New report reveals reasons behind soldiers actions at start of coronavirus lockdown
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Durban - WITH limited planning time as well
as training, it was inevitable that the
Covid-19 lockdown would pose challenges for law enforcement.
This was according to the South
African Institute for Security Studies
(ISS) who released a report this week
which found that ambiguities in the
regulations needed to be corrected and
guidelines issued on its interpretation.
Since the start of the lockdown
last month, many citizens have complained about unnecessary police and
soldier brutality to people caught wandering the streets.
ISS researcher Johan Burger said the
regulations included the SAPS, metro
police and the South African National
Defence Force (SANDF).
However their ability to enforce the
regulations was a concern.
“Ordinary powers of metro police
are limited to municipal by-laws and
road traffic legislation. The SANDF,
when deployed in co-operation with
the police, is legally allocated all the
powers of a police officer except those
“The only condition is that the soldiers should be appropriately trained
for this purpose,” he said.
Burger said that with about 150 000
SAPS officers available to ensure compliance by nearly 60 million people, in
addition to normal police duties, there
were bound to be challenges.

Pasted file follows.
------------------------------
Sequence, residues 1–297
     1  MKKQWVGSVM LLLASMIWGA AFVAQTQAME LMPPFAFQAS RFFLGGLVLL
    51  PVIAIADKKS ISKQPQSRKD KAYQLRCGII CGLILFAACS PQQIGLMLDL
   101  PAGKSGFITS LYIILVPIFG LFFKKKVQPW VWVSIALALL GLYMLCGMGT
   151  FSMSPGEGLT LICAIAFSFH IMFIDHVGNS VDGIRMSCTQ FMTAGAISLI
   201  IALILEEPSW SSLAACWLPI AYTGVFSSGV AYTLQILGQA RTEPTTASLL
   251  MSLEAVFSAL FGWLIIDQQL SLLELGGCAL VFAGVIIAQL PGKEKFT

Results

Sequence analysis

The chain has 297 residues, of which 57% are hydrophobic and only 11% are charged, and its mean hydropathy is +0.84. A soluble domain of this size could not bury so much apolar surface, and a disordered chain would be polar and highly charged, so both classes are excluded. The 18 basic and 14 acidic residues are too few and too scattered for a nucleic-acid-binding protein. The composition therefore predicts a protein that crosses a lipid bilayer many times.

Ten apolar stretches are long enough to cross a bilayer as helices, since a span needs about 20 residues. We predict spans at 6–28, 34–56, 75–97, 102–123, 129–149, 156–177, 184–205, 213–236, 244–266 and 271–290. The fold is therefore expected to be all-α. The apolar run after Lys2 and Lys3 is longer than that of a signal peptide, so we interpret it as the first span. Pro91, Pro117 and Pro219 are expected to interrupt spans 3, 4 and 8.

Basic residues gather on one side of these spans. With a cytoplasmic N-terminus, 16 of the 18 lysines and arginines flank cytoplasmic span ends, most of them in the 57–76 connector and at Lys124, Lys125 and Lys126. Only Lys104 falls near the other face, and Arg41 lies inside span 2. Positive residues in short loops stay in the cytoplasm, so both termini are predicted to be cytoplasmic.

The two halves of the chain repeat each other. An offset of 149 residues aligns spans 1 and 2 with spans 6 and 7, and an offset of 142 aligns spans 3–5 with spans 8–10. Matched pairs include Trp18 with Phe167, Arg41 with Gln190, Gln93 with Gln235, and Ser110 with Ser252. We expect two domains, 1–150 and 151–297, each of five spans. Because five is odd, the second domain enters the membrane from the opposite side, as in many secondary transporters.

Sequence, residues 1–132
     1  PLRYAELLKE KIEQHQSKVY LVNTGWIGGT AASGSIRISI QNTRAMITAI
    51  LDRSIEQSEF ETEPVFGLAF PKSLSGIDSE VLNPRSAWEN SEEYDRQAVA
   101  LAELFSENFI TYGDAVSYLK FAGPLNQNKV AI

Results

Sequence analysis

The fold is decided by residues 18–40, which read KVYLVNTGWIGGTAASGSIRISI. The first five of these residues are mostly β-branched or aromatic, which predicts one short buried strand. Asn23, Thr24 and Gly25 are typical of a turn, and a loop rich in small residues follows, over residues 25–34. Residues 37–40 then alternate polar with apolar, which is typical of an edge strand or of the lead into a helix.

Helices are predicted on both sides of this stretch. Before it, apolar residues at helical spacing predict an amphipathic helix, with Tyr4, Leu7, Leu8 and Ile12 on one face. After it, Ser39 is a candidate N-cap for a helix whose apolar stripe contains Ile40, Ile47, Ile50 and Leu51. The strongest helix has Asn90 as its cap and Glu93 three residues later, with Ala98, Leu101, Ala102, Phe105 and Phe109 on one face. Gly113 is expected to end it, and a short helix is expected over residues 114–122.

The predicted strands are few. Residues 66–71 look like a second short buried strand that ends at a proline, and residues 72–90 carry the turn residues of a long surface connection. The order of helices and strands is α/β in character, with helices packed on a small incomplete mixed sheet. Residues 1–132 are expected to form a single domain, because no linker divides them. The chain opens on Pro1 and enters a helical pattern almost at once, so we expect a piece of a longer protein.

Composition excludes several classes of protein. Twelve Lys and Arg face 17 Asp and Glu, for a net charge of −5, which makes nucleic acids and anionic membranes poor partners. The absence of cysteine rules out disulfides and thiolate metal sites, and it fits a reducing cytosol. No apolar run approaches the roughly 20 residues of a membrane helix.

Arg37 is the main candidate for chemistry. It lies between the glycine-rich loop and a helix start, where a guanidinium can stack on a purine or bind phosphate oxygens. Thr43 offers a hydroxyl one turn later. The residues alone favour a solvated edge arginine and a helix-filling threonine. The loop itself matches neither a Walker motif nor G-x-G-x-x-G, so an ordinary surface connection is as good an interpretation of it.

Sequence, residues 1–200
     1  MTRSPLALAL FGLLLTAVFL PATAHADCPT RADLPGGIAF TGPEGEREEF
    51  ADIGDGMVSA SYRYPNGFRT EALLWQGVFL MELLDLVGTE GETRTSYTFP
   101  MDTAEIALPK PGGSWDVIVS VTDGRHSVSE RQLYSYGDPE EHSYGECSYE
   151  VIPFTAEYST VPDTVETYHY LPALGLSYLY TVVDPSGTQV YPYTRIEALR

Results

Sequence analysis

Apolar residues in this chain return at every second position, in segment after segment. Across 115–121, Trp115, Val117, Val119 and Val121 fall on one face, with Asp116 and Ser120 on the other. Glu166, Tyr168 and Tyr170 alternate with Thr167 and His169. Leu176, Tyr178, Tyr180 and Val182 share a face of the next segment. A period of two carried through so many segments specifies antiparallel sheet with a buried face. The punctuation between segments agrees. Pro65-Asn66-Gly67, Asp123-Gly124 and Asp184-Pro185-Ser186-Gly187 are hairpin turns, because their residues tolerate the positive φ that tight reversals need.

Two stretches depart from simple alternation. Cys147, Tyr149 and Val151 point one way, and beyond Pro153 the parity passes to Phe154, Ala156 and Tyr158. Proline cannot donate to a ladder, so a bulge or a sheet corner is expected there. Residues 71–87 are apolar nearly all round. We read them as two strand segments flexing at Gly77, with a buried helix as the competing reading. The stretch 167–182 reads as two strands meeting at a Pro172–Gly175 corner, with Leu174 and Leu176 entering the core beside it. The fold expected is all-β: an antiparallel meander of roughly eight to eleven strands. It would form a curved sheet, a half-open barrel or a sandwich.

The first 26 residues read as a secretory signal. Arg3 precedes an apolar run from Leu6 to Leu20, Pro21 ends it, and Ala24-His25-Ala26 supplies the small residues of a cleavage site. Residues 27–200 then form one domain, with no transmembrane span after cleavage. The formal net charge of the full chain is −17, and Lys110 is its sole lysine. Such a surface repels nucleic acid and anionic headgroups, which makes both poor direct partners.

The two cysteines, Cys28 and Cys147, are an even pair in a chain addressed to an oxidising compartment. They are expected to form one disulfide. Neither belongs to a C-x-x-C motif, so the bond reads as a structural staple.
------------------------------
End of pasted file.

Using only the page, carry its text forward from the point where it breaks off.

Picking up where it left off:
“The requirements for training,
planning and preparation must have
presented major organisational challenges for the joint forces. Given the
nature and complexities of lockdown,
the addition of new law (the regulations), and the need for joint forces to
enforce the law fairly, it was a huge risk
to deploy officials in this role without
“Some were bound to get it wrong,”
The rapid escalation of efforts by
government to curb the spread of the
virus did not allow for proper planning
and preparation, he said.
“The Joint Operational and Intelligence Structure (Joints) responsible for
planning and co-ordinating all joint
security force operations has significant experience in major sporting
events, elections and crime-combating
operations. But for these they have
many months to plan and prepare,
something not possible as the pandemic swept the world,” he said.
Police Minister Bheki Cele said on
March 28 that 24 000 SAPS and metro
police officers had been deployed.
They were joined on March 29 by
just over 2 800 soldiers.
Burger said the operational instructions of these joint forces were unclear
but it appeared from the minister’s
briefing they were going to be focused
primarily on patrols and roadblocks.
“The ill-discipline and even criminal conduct by many police officials
and soldiers, including the use of excessive force, has caused a public outcry.
Allegations of unlawful security force
behaviour must be investigated and
results publicly communicated.
Joints should work with the National
Coronavirus Command Council to
correct ambiguities in it.